|- FLSA Section 14(c) Advisor|
Back Wage Liabilities and the Enforcement of FLSA Section 14(c)
If violations of FLSA Section 14(c), or any other section of the FLSA, result in the underpayment of wages, the Wage and Hour Division will generally supervise the restoration of back wages and work with the employer to ensure future compliance with all applicable labor standards. This is true whether or not the employees have disabilities and receive special minimum wages (SMWs).
The Wage and Hour Division realizes that a lump sum payment of back wages could, in certain cases, render workers with disabilities temporarily ineligible to receive certain financial or medical services that are crucial to the quality of their lives. Accordingly, the Wage and Hour Division is committed to working with employers when necessary to spread the payment of back wages over a sufficient number of months to ensure employees retain such eligibility.
Certificates authorizing the payment of SMWs to workers with disabilities cannot be issued retroactively. If a facility does not have a certificate but has paid workers who have disabilities wage rates below the minimum wage based on their impaired productivity, those workers are due the difference between the wage rate they received and the full minimum wage required by FLSA for every hour of covered employment. In the case of work subject to the McNamara-O'Hara Service Contract Act (SCA), workers must receive the difference between the wage paid and the full hourly rate reflected on the wage determination for the classification of work performed for every hour of covered work.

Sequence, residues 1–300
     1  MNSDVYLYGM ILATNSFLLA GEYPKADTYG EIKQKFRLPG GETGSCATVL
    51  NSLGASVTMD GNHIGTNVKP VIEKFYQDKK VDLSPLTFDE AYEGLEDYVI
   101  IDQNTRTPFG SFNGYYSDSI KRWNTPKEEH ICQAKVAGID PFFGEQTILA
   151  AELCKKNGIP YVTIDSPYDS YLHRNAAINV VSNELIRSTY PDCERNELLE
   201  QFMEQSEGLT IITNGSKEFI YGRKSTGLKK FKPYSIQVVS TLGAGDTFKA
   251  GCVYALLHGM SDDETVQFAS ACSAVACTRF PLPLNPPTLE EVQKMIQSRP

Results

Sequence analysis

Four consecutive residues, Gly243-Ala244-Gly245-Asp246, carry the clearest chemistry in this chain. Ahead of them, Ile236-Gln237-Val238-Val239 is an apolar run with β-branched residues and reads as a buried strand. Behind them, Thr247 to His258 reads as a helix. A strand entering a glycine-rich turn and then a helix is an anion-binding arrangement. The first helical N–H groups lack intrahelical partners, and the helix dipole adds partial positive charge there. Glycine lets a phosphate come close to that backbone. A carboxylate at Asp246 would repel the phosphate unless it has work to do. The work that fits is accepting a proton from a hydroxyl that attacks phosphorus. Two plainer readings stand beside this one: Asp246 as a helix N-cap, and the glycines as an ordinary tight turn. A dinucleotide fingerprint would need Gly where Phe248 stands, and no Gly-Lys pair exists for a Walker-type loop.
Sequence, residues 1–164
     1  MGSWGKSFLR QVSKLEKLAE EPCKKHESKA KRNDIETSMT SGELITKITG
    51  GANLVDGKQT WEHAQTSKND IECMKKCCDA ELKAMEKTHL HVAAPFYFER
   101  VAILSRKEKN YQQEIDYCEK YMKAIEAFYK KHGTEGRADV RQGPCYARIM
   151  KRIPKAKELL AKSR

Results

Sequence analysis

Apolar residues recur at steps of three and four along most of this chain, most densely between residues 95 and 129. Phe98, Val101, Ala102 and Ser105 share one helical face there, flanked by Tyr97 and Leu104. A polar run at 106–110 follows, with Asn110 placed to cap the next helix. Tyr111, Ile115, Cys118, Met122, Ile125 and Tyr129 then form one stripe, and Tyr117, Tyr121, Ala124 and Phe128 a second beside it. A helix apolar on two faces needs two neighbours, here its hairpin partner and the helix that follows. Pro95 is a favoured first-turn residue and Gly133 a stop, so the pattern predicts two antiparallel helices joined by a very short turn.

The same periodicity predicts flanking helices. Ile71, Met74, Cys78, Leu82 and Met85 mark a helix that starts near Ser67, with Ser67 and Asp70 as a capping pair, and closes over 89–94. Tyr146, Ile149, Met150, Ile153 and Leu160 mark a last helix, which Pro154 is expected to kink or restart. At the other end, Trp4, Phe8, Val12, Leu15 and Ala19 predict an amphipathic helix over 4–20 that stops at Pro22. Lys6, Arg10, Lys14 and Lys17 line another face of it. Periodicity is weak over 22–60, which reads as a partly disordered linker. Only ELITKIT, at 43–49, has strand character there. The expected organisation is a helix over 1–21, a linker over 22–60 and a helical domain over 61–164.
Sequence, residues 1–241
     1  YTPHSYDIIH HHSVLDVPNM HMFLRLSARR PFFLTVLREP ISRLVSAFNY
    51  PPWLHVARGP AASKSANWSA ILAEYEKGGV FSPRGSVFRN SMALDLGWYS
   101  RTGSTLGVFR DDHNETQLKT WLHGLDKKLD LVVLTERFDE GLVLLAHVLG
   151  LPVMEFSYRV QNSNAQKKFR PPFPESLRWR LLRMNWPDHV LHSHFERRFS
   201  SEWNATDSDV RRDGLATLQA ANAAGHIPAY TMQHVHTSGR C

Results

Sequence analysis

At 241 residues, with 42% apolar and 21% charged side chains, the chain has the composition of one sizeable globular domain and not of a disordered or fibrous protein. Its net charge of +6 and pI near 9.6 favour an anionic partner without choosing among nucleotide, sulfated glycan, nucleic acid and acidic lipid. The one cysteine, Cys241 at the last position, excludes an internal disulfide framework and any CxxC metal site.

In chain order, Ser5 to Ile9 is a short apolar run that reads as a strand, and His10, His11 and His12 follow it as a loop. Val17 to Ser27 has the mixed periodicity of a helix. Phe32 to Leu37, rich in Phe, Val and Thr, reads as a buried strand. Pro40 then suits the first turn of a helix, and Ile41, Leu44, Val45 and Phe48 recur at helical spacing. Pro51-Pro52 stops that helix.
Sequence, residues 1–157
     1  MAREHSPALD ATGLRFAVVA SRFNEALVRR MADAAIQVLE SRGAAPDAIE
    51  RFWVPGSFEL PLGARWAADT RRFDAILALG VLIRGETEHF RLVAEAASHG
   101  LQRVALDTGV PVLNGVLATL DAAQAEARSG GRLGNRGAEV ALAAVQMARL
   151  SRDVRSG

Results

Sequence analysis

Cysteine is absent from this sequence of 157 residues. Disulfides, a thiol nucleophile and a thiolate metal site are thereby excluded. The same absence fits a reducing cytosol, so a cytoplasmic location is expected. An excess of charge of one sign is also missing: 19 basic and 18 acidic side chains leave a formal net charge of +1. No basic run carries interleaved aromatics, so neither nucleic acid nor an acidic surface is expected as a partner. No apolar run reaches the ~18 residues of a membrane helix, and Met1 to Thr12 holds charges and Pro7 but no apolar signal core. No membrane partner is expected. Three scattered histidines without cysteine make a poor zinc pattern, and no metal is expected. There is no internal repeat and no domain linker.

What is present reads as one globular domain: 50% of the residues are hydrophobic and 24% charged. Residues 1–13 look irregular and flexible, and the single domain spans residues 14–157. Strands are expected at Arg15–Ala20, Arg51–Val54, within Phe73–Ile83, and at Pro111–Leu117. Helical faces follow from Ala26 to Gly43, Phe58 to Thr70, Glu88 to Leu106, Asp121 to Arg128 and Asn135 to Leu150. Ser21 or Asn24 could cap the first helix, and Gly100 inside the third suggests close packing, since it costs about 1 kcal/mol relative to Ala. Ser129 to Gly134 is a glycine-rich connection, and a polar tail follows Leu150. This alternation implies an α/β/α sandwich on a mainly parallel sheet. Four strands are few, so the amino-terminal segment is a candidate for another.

The Wage and Hour Division can request that funds be withheld from the prime contractor on a contract subject to the provisions of the SCA or the Walsh-Healey Public Contracts Act (PCA) to cover back wages due workers who performed on such contracts.
If it has been established that an employee is jointly employed by two or more employers (that is, employment by one employer is not completely disassociated from employment by the other employer(s)), all of the employees work for the joint employers during the workweek is considered to be one employment for purposes of the FLSA. Such joint employers are responsible, both individually and jointly, for compliance with all of the applicable provisions of the FLSA with respect to the entire employment for the particular workweek.
Joint employment principles may also apply to School-to-Work programs and community-based rehabilitation agencies. Where the school or agency takes responsibility for wage payments, it will also be primarily responsible for any back wages due. Should the school or agency refuse or fail to pay the back wages, the other joint employer(s) will be held responsible.
Because many facilities using the FLSA Section 14(c) exemption operate under tight budgetary constraints, the payment of large amounts of back wages may require use of an installment plan to protect the facilitys solvency. Installment plans shall normally include both the payment of interest to the underpaid employees and an acceleration clause requiring the full and immediate payment of all unpaid back wages in the event the employer fails to comply with the plan.
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